Simone's Bar Chicago

To thousands of long-time residents who’ve made it the center of Mexican-American culture in Chicago, the neighborhood is known as Pilsen. To anyone who’s looked for an apartment in the Reader in the last 20 years, it’s known as “Hot Pilsen.” Long hyped as the next Ukie Village or Bucktown, Pilsen has proven admirably resistant to wholesale gentrification. But with its 2009 opening, Simone’s joins Skylark has a hip, eco-friendly bar, restaurant and cultural space that blends with, and adds to, the neighborhood’s eclectic character.

Simone’s comes with a rock-solid pedigree, the result of a joint venture between some of the people behind Northside and Logan Bar & Grill, the venerable Danny’s and the Francesca dining chain. It takes one look to see that Simone’s was built with a lot of thought and a hefty decorating budget. Look for Simone’s well-lit but understated exterior along a mostly residential section of 18th street just east of Pilsen’s main commercial strip, where an excellent north-bound view of the city’s skyline awaits.

Simone's Chicago Face

Simone's Chicago InteriorSimone’s has been certified by the Green Restaurant Association for its commitment to environmentally responsible practices. That starts with the solar panels on the roof and extends to the collection of recycled and re-purposed elements inside, cobbled together from pieces from the recent past and not too distant future. The sizeable main bar area is built around an island service bar that offers seating on all four sides. The bar top is made from a bowling alley lane. The fixtures above incorporate old bottles. The theme continues with booths made from high school chemistry lab tables, seating covered in seat belt fabric and a bar back and wall fixtures assembled from old video games, pinball tables and possibly pachinko machines. At the back of the room, a raised caged-in platform conjures images of the country bar in Blues Brothers and the fighting arena in Escape from New York. Here you’ll find the DJ booth, also built from pinball machines, and a cozy lounge space for small groups or perhaps groupies.

Simone's Chicago MuralThe graffiti mural along the wall at the rear or the room, painted by local street artists, leads to a spacious second bar area and performance space known as the Lab, which you’ll understand when you see the décor. The Lab features a completely separate service bar and sound system from the front room. This space handles over-flow crowds on weekends and is also used for art exhibitions, lectures and a variety of cultural events, as well as being a participating venue for the monthly Pilsen 2nd Friday art walks. Monitors are abundant as part of the design, but are more likely to show ironic videos and movies than current events and if you do find a game on the TVs, it’s almost certainly going to be without sound.

Simone's Chicago Tall Boy ChickSimone’s drink list is as compelling as the bar’s décor. Beer lovers will enjoy the seasonally rotated selection of ten high-end drafts, plus another ten options in easy to recycle cans, many of them imports and craft labels. There are another 20 bottled beers and 15 “large format” brews, all of which can run you anywhere from $3-$30 dollars. There are almost a dozen wines available by the glass and also an impressive list of signature house cocktails including a cocktail of the week. The group I was with tried most of them and we were generally impressed. I particularly enjoyed the “Brandi’s a Peach” cocktail: a blend of Knot-infused Irish whiskey, aperol—a bitter orange liqueur—and brandied peaches. As an after dinner drink, who needs dessert? You’ll find specials from Sunday through Thursday and semi-regular events ranging from DJs spinning rock-hip hop mash-ups and disco sets to team trivia contests. One note: the bartenders are lightning quick with their empty drink collection. If you want to savor the last few drops of your beverage, guard it dearly.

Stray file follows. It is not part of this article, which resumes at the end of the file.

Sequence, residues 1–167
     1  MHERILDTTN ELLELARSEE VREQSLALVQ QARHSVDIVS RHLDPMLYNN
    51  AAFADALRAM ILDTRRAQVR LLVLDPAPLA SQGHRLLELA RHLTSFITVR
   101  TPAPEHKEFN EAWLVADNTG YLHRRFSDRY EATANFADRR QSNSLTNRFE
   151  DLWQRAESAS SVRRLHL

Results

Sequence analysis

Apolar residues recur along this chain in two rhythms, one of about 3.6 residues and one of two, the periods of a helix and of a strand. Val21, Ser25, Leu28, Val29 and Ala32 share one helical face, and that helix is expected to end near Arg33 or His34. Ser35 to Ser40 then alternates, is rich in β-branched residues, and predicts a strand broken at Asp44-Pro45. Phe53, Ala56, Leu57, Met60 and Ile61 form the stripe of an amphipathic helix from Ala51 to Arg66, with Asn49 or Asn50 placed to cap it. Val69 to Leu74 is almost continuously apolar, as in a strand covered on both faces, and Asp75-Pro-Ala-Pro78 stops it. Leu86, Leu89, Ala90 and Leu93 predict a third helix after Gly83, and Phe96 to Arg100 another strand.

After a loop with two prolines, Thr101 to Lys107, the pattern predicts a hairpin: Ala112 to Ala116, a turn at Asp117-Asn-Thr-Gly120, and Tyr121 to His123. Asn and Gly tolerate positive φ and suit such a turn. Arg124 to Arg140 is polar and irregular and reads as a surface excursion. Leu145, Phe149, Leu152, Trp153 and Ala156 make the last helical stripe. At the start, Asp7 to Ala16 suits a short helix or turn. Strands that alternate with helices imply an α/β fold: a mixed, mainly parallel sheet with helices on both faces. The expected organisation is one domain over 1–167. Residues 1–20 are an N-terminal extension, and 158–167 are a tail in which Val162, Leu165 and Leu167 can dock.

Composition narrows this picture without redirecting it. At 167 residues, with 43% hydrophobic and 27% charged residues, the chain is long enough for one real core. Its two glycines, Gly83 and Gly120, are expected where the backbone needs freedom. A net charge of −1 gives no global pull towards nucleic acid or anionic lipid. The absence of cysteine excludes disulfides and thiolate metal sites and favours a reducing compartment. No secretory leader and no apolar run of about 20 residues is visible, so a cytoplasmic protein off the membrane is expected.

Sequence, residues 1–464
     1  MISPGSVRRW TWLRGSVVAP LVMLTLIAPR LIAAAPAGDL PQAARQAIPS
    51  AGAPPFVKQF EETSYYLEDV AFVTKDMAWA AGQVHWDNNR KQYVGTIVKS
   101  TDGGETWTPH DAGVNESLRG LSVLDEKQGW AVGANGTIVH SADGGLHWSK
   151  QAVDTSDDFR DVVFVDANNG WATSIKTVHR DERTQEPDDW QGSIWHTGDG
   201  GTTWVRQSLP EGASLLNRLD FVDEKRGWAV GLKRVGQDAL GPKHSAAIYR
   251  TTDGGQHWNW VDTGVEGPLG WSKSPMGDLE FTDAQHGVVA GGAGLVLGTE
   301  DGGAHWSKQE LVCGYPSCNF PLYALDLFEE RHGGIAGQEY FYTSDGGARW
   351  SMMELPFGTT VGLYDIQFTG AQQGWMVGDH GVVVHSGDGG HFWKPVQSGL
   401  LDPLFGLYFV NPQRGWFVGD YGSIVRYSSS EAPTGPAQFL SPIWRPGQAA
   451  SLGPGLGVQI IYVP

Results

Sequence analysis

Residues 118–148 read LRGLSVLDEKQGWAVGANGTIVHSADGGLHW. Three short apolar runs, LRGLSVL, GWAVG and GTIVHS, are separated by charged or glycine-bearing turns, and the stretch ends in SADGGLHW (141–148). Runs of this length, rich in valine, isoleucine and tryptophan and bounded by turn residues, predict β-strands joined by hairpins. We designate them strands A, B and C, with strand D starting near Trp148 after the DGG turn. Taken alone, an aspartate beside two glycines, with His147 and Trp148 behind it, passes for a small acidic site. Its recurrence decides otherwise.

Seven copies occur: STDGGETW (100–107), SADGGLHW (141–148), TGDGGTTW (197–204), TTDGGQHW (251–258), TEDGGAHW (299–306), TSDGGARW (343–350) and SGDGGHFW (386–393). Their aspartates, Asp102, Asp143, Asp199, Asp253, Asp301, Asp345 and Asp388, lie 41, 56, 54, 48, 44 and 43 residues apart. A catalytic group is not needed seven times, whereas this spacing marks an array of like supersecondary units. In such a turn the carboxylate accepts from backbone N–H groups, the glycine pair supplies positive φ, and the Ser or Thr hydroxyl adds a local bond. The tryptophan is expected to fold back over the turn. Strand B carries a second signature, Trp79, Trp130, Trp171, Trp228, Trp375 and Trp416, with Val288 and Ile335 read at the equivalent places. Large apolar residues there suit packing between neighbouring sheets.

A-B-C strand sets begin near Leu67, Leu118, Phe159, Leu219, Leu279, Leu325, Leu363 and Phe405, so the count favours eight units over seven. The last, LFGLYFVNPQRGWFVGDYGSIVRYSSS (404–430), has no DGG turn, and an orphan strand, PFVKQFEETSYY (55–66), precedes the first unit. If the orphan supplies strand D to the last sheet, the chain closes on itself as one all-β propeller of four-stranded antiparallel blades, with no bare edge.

Simone's Chicago FireplaceSimone’s offers a promising looking menu of apps, salads, sandwiches and pizzas, including a few nods to the neighborhood cuisine, like assorted empanadas. As I don’t get to the area often, I was left with a choice of eating at Simone’s or one of the many authentic family-owned Mexican eateries along 18th street. I opted for the latter (Nuevo Leon is tough to resist), but promise to be back for a future lunch, dinner or weekend brunch.

The crowd is a nice mix of the 40-and-under set from the neighborhood and beyond. Simone’s has built enough buzz in its short existence that it’s become a destination for those looking for a viable drinking option off the traditional beaten path. There’s a mildly Goth/alternative/hipster vibe that’s in tune with Simone’s unique atmosphere, but the mood is casual and so is the attire. Simone’s is open daily from 11:30am-2am.

A striking, one-of-a-kind, environmentally responsible space, Simone’s is an excellent place to practice some mildly irresponsible behavior. If you like Simone’s, you might want to give the nod to Cleo’s, Cobra Lounge or perhaps California Clipper. For more information, check out Simone’s website. Cheers.

Simone's Chicago Second Bar